Living with autistic children makes you look at the world differently and whilst some things are difficult to navigate, others brighten my day! Here's some of my top 5 happy autism moments with my children...
Mum 'Please can you put this towel in the downstairs toilet?'
Child 'okay' He takes towel and goes downstairs
Expectation: towel to be somewhere in the bathroom, ideally hanging on towel rail
Reality: Towel down the toilet, exactly as requested
2. A different outlook
Mum 'come on we can't just stop we'll be late'
Child 'no, look'
My child (in the busyness and sea of everyday life) found the tiniest baby snail on the pavement. He was fascinated by it. I was fascinated by how he could spot something so small, so easily. He looks and processes the world differently.
3. No social constraints
Consultant 'what would you say if I told you it was raining cats and dogs outside'
Child 'I'd say you're stupid because its clearly not. Cats and dogs are not rain'
My child is straight to the point; he is not worried about social graces, so you'll get an honest answer. It may come across as rude but that is not his intention. If you ask, he'll tell you. At times I'd love this freedom, to not worry about what others think.
4. Deep thoughts and feelings
My child had a poem published about an eagle. His words describing the eagle soaring free were profound. I'm amazed at how he can think and feel so deeply. People may think that people with autism don't empathise but whilst they may have difficulty seeing something from your point of view, from my experience they feel greatly and feel deeply. He may have difficulty expressing himself but when he writes, this part of him comes alive. I would love for him to become a writer but at the moment he's a teenager, who has decided he hates doing English. I'm praying this will change.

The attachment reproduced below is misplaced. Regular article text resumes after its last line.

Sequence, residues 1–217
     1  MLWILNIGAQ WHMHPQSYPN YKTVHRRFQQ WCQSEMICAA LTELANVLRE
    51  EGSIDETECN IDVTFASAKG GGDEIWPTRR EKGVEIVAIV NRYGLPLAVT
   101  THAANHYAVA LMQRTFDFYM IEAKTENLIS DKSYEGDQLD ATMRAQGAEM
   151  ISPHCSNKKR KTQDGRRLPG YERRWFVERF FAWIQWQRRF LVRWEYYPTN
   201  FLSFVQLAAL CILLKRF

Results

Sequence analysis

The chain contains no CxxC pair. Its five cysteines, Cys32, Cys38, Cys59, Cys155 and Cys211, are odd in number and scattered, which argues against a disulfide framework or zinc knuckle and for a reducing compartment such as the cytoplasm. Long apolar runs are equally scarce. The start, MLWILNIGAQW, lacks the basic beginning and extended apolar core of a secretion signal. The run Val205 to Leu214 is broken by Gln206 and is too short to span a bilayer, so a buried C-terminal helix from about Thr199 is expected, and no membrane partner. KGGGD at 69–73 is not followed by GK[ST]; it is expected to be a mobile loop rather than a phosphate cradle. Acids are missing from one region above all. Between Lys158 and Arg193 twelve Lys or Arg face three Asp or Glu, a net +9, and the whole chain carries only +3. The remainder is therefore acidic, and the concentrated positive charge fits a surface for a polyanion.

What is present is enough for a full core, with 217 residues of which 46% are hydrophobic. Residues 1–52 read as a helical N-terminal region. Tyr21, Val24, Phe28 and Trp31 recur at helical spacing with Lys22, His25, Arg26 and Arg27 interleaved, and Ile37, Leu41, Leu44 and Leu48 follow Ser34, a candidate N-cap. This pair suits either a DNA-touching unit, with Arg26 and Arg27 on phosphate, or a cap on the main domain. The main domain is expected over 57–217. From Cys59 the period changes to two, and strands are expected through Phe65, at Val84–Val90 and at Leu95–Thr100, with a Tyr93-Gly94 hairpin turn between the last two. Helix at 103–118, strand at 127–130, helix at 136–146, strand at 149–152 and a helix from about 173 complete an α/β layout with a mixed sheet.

Now that he's older, he refers to us as 'Normies'. I guess being labelled autistic or now the new phrasing 'with autism' he's decided to give us (neuro typicals) a label in return. I'm proud that he doesn't see his autism as a failing. He believes autistic people are normal and we're the different ones. He was laughing at a joke, I completely didn't understand but he re-assured me it was just because I was a Normie. I love that he has autistic friends that get him and they have humour they can all share in together. He also has a very sharp, witty sense of humour for us 'normies' too.
I'm glad I get to see into this world. I'm glad I have children that make me stop and think and look. Its hard work trying to get square pegs to fit into round holes but days and moments when we're not fighting this system, there is fun and there is joy. Its such a celebration when they hit milestones others have taken for granted. I maybe tired but I am a better person because of them.
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